Thomas Barbash

Tom Barbash is the author of four books as well as reviews, essays, and articles for publications such as McSweeney’s, Tin House, the Believer, Narrative Magazine, ZYZZYVA, and the New York Times. His short story collection Stay Up With Me was nominated for the Folio Prize and picked as a Best Book of the Year by the Independent of London, NPR, the San Francisco Chronicle, and the San Jose Mercury News. His novel The Last Good Chance was awarded The California Book Award and was a Publishers Weekly and Anniston Star Best Book of the Year. His nonfiction book On Top of the World, about the fate of the bond firm Cantor Fitzgerald on 9/11, was a New York Times Bestseller. A well-regarded speaker, panelist, and interviewer, Barbash teaches the novel, short fiction, and nonfiction at California College of the Arts. His most recent book, the novel The Dakota Winters, was a National Bestseller, and named as an Editors Choice by The New York Times Book Review, Oprah Magazine, Rolling Stone and People.

Photo Credit: Sven Wiederholt

Leland Cheuk

Leland Cheuk is an author of three books of fiction, most recently the novel No Good Very Bad Asian. Cheuk’s work has appeared or is forthcoming in publications such as NPR, The Washington Post, San Francisco Chronicle, Salon, Prairie Schooner, among other outlets. He is the founder of the indie press 7.13 Books and lives in Los Angeles. You can follow him on Twitter @lcheuk and at lelandcheuk.com.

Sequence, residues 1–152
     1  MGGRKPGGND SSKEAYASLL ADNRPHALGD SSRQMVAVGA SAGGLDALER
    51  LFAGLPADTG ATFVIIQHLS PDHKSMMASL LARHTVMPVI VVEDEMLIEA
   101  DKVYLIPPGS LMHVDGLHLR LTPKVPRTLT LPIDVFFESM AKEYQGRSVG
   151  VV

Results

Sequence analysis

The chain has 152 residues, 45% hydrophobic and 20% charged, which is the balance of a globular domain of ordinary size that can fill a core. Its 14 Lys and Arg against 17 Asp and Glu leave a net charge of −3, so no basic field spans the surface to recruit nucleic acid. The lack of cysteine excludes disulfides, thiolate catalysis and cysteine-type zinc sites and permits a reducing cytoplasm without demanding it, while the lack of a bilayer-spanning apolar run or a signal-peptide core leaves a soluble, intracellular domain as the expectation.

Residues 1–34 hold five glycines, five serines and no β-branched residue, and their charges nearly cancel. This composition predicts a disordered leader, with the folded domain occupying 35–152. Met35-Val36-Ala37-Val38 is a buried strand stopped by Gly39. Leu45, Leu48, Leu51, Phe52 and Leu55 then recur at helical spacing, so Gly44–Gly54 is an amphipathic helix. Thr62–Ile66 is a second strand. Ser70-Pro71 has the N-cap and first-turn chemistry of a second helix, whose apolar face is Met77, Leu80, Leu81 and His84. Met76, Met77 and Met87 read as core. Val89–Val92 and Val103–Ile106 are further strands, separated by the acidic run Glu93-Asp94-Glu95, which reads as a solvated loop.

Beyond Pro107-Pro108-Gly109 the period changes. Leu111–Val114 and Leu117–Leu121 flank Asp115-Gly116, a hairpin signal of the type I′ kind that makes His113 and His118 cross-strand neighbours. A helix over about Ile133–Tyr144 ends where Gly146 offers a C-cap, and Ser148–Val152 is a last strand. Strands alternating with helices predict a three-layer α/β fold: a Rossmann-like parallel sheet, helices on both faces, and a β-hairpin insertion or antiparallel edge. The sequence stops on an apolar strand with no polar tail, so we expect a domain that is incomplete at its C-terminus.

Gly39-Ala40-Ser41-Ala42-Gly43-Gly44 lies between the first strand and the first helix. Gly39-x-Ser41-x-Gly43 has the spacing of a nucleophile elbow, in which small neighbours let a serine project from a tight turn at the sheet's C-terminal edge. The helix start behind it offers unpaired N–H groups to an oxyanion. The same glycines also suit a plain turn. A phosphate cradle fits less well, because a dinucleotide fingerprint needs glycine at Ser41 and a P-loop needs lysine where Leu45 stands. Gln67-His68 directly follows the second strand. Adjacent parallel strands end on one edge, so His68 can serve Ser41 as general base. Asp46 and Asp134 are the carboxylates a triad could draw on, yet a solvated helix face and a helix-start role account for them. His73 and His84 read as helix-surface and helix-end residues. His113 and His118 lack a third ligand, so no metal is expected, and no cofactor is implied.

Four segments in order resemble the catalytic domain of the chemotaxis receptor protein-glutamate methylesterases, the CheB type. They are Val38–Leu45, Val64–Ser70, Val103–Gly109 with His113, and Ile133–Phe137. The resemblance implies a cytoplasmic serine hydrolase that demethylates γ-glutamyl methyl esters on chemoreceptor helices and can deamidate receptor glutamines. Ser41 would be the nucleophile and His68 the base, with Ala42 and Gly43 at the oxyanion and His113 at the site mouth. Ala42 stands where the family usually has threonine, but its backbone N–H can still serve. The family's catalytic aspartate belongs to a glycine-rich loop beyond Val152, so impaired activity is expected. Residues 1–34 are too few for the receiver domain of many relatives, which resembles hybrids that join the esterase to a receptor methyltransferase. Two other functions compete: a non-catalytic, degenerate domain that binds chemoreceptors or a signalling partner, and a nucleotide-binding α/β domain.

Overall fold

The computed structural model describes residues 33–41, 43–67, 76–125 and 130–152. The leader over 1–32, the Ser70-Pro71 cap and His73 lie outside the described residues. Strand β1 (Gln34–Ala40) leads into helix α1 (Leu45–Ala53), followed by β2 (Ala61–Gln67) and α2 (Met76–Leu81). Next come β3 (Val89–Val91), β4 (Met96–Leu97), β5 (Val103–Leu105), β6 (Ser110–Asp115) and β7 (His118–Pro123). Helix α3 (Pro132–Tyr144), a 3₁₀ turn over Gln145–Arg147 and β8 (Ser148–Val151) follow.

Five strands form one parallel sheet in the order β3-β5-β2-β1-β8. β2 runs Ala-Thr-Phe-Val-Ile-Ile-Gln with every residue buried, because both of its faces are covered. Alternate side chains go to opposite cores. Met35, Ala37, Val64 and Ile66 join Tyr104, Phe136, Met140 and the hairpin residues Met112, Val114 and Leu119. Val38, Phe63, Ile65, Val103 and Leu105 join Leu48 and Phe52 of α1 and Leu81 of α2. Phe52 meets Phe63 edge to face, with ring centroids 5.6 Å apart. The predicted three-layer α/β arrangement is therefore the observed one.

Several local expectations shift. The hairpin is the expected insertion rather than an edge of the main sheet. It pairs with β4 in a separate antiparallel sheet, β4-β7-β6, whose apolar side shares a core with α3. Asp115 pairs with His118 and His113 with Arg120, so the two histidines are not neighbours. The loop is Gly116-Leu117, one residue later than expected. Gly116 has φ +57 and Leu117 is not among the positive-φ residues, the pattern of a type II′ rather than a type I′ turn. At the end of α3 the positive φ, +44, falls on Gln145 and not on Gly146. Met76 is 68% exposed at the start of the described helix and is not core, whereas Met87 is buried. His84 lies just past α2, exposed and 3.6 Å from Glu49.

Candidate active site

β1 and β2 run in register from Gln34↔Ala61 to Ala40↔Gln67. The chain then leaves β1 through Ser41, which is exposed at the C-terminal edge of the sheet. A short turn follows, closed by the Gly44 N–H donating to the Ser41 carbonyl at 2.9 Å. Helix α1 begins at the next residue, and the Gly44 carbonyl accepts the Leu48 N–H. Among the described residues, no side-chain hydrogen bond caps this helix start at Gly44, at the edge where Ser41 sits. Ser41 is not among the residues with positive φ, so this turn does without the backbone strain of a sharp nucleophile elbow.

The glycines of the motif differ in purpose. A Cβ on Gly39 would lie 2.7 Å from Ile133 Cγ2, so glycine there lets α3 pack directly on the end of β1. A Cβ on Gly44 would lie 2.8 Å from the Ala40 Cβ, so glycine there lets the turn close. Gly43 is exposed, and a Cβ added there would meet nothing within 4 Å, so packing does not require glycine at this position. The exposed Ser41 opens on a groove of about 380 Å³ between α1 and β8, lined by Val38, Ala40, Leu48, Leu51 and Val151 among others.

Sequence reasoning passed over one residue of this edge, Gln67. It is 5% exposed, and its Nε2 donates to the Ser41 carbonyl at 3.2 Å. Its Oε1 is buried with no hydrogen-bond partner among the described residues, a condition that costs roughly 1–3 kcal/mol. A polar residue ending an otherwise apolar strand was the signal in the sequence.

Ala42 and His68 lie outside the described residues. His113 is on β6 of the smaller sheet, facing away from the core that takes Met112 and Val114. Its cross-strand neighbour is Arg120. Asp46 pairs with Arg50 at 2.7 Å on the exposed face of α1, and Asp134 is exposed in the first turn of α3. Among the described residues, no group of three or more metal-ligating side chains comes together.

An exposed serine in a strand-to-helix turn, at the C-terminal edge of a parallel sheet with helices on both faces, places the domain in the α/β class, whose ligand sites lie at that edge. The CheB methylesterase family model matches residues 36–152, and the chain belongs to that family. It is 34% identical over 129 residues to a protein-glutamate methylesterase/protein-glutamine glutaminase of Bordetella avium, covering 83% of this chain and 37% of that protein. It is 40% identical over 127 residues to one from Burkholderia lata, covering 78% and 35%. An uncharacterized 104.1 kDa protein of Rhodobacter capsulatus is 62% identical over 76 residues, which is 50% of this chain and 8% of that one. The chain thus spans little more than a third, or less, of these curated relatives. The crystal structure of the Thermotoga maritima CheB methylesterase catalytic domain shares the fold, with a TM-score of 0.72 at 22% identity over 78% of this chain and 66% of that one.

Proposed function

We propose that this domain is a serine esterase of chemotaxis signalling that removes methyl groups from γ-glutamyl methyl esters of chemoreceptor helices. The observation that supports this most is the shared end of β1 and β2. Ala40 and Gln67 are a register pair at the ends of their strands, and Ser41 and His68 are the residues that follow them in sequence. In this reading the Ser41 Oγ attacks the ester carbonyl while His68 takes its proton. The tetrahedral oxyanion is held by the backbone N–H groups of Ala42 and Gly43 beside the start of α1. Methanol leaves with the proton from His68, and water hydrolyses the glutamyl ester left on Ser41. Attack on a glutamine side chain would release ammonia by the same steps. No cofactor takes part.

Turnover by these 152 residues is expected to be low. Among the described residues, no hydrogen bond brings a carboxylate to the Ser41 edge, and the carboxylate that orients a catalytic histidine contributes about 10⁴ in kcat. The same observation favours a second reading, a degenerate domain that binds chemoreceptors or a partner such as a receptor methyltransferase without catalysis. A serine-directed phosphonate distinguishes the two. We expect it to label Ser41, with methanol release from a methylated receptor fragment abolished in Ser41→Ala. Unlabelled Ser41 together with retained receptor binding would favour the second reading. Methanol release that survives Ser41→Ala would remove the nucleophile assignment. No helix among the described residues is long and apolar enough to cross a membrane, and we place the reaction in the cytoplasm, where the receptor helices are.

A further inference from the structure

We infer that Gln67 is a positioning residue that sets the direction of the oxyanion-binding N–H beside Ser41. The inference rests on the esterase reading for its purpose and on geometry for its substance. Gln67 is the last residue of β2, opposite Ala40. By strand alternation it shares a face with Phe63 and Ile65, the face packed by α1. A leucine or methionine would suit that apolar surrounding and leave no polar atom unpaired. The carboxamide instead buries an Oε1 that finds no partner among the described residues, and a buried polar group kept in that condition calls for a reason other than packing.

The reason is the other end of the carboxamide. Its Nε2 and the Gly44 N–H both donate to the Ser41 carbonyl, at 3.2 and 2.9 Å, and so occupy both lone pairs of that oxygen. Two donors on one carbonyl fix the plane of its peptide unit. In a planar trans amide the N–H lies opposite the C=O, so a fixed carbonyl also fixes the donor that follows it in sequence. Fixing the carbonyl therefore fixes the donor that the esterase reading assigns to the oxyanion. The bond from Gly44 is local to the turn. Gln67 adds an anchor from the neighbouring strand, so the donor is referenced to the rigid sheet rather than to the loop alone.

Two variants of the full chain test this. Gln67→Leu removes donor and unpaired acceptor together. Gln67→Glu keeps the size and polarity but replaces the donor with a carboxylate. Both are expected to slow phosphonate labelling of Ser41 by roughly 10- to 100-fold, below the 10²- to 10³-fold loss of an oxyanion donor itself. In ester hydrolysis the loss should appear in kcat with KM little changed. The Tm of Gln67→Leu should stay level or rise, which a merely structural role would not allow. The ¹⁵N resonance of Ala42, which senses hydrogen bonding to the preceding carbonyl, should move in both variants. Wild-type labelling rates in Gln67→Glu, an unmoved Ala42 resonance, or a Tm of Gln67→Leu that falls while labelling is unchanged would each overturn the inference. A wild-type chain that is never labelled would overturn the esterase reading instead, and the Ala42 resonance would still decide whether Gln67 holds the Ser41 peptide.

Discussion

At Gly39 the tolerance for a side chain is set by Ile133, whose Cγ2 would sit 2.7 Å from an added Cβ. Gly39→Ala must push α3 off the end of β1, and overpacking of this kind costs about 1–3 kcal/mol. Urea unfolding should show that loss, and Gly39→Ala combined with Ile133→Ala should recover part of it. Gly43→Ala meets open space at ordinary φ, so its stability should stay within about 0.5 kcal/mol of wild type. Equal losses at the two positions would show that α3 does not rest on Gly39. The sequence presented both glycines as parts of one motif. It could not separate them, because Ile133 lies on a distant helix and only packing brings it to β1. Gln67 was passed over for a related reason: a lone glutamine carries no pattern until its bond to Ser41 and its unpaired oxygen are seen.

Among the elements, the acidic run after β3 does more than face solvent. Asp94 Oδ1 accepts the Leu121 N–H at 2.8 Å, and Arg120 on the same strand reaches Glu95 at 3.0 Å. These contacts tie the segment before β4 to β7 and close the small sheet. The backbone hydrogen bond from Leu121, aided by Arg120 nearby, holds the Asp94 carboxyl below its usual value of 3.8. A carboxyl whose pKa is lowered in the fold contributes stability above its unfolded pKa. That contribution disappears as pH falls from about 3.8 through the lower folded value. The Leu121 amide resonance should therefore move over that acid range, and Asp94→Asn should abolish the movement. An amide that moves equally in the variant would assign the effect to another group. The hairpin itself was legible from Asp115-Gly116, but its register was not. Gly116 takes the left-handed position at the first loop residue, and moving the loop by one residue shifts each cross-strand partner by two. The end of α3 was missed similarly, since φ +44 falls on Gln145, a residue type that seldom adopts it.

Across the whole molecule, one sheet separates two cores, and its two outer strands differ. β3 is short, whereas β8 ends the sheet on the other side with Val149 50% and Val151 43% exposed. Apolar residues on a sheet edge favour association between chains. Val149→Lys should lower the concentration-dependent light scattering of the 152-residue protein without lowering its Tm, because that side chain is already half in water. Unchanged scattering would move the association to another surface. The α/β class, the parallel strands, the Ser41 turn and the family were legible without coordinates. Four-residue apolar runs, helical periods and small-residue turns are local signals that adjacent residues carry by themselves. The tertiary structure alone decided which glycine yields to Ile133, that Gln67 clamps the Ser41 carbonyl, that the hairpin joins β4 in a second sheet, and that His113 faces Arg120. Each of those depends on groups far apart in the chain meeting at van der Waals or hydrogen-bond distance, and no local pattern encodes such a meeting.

Photo Credit: Jessi Tran

Tyler Dilts

Tyler Dilts received his MA in English Literature and MFA in Fiction Writing from California State University, Long Beach. His work has appeared in the Los Angeles Times, The Los Angeles Review of Books, Air/Light, and The Best American Mystery Stories, and he is the author of the Long Beach Homicide series of detective novels: A King of Infinite Space, The Pain Scale, A Cold and Broken Hallelujah (An Amazon #1 Bestseller), the Edgar Award-nominated Come Twilight, and most recently the standalone novel, Mercy Dogs. He lives with his wife in Long Beach, California and teaches creative writing at CSULB.